Texas and three other states threaten to sue California over AB 32
Apparently, it’s not enough that fossil fuel conglomerates are fighting implementation of AB 32, California’s landmark clean energy bill that will create thousands of jobs, pump up R&D on cleantech, slash global warming pollution, and put the state on the cutting edge of the global clean energy economy. Now Texas and three other states with attorneys general beholden to Dirty Oil and Big Coal have jumped on the high carbon bandwagon, vowing to sue California as a last-ditch effort to kill AB 32.
Proponents of clean energy and jobs are already battling Proposition 23, a stalking horse ballot initiative funded by out-of-state oil companies Valero and Tesoro and the billionaire Koch brothers that would suspend implementation of AB 32 indefinitely. Though Proposition 23 is deceptively touted as a “jobs protection” bill, its real goal is to keep California dependent on fossil fuels and to keep profits pouring into the coffers of those polluting corporations that don’t care about sacrificing California’s health and clean air standards.
Now attorneys general (AG’s are not part of the administration in California — are they in these other states?) from Texas, Alabama, Nebraska, and North Dakota — all states with dirty oil and big coal interests — have vowed to sue California if Proposition 23 fails at the ballot box. They claim that AB 32 constrains free commerce because it establishes limits on California’s greenhouse gas emissions, possibly affecting the interstate purveyance of electricity produced by dirty fossil fuels.
This isn’t just a desperate gambit by dirty energy corporations and their government minions to turn back the technological clock — it is spurious legal strategy. Here’s why:
- The state attorneys general threatening these actions probably don’t even have standing to get into court. The states they represent are not selling electricity to California, and in fact, for the most part, the states themselves don’t sell any electricity at all. Private corporations within the states sell electricity, but it is not the state attorney general’s job to represent private corporations — their job, as a public official, is to represent the citizens of their state. Wasting time and public money suing California over our efforts to chart a clean energy future seems a wasteful way to carry out this public trust.
- California imports about 27 percent of its electricity: 8 percent from the Pacific Northwest and 18 percent from the Southwest. None comes from Texas (which, to avoid the Federal Energy Regulatory Commission’s jurisdiction, maintains its own electricity grid, separate from the rest of the West), nor Alabama, Nebraska, and North Dakota.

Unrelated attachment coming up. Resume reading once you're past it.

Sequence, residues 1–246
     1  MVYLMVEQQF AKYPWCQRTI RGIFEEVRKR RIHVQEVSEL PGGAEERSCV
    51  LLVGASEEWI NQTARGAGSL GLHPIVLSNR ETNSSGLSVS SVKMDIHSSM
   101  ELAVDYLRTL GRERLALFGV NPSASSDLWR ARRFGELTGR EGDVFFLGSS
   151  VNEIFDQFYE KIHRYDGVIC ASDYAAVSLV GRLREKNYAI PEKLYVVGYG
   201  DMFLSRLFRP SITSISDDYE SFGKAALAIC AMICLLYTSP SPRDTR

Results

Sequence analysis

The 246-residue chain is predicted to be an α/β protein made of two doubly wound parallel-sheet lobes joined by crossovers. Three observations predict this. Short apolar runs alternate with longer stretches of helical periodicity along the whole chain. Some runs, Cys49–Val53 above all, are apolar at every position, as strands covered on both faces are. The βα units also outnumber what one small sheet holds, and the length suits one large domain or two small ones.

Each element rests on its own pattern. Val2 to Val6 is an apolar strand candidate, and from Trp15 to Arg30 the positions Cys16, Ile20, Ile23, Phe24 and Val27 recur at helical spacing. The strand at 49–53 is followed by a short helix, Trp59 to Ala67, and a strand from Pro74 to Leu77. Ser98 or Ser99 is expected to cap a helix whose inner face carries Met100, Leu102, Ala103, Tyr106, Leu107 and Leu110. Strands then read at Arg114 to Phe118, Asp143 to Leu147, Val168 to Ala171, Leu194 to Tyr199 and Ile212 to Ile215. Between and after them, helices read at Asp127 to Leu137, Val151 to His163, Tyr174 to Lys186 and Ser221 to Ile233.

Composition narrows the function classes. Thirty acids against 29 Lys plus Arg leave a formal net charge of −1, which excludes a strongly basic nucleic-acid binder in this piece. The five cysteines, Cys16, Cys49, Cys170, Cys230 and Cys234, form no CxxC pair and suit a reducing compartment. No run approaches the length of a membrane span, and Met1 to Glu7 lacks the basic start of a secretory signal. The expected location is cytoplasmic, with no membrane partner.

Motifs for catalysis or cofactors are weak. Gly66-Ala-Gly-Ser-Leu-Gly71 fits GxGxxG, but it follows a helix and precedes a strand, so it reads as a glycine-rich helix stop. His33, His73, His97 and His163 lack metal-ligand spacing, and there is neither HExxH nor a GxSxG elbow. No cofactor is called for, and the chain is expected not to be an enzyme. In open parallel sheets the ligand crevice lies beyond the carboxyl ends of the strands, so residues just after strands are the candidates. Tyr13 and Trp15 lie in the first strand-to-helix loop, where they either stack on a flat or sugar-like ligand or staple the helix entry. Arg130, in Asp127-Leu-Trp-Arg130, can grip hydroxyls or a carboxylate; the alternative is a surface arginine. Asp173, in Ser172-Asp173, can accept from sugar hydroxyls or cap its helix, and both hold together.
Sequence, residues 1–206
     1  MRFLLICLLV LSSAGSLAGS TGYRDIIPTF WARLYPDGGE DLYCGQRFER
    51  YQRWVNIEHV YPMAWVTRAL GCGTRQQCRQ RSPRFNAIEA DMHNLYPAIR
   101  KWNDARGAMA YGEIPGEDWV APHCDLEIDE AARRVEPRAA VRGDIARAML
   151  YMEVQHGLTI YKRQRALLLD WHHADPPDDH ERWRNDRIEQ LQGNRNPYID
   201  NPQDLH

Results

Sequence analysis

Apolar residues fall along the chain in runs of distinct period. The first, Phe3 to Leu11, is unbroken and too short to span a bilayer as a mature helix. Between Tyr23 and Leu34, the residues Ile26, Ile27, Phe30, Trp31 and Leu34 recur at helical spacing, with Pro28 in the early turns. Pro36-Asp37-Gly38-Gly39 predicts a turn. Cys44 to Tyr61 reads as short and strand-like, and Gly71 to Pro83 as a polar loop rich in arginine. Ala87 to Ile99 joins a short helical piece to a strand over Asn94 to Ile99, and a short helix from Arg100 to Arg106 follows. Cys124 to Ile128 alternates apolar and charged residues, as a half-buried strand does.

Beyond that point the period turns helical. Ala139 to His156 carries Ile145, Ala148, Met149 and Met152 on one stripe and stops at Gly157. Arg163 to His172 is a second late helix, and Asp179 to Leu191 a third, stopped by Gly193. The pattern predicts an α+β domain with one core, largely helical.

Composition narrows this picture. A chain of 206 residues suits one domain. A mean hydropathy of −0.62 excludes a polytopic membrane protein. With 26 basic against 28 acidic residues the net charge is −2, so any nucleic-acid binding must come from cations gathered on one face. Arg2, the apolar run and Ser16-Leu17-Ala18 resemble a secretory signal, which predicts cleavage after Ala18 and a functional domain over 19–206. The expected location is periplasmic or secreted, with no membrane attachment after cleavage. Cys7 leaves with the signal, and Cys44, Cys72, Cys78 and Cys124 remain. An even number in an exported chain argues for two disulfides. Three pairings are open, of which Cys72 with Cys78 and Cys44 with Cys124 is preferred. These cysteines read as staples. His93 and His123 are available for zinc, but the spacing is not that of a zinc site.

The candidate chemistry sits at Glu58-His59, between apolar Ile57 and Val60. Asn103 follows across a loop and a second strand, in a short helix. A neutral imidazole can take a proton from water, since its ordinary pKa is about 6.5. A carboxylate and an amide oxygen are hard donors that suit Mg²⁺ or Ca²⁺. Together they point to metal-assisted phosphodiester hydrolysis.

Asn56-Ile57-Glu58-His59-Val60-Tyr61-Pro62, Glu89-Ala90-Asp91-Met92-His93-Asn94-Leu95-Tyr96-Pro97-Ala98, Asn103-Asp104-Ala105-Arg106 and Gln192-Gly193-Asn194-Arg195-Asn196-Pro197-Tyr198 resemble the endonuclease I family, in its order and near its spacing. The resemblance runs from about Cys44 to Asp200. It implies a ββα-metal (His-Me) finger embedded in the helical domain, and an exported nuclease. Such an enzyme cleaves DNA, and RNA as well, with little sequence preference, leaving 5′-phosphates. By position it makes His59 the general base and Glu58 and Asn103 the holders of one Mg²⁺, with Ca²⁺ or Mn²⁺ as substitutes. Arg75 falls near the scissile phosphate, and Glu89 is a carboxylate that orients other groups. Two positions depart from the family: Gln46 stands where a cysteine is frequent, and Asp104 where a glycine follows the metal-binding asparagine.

- California is not discriminating against out-of-state power producers in favor of those operating within California. Rather, AB 32 creates a level playing field to ensure the greenhouse gas emissions of in-state and out-of-state power producers who deliver electricity to California are treated exactly the same. Out-of-state producers can still sell power to California; they will just have to play by the same rules as producers inside California.
- California’s public agencies have carefully designed their electricity sector regulations to keep things even across state lines. They have conducted an exhaustive public process over the past four years, inviting all impacted parties to participate in a series of workshops, hearings, and comment letters, and have examined and responded to a host of legal issues. If Texas and others see a real legal problem (rather than a political problem) with AB 32, they have had ample opportunity (four years!) to raise it.
- The attorneys general have no basis on which to prevent California from attempting to reduce greenhouse gas emissions. Following the U.S. Supreme Court’s 2007 decision in Massachusetts v. EPA, the Environmental Protection Agency recently issued an “endangerment finding” for greenhouse gases, concluding — on the back of overwhelming scientific evidence — that greenhouse gases, including CO2, endanger public health and welfare. The state of California has every right to take legislative action to protect the health and economic well being of the people who live in California, and Texas has no right to interfere.
Finally, a certain irony must be noted here. These same four states are often the first to champion of states’ rights, resenting what they claim is undue interference from outside authorities. Their intrusion into California’s internal issues is therefore all the more puzzling. The lawsuits they threaten undermine states’ rights, and smack of hypocrisy. Here in California, we are looking to protect our residents’ public health and economic future. We will actively resist the short-sighted attempts of other states — or the corporations that try to use public officials to further their private agendas — to keep us addicted to oil.
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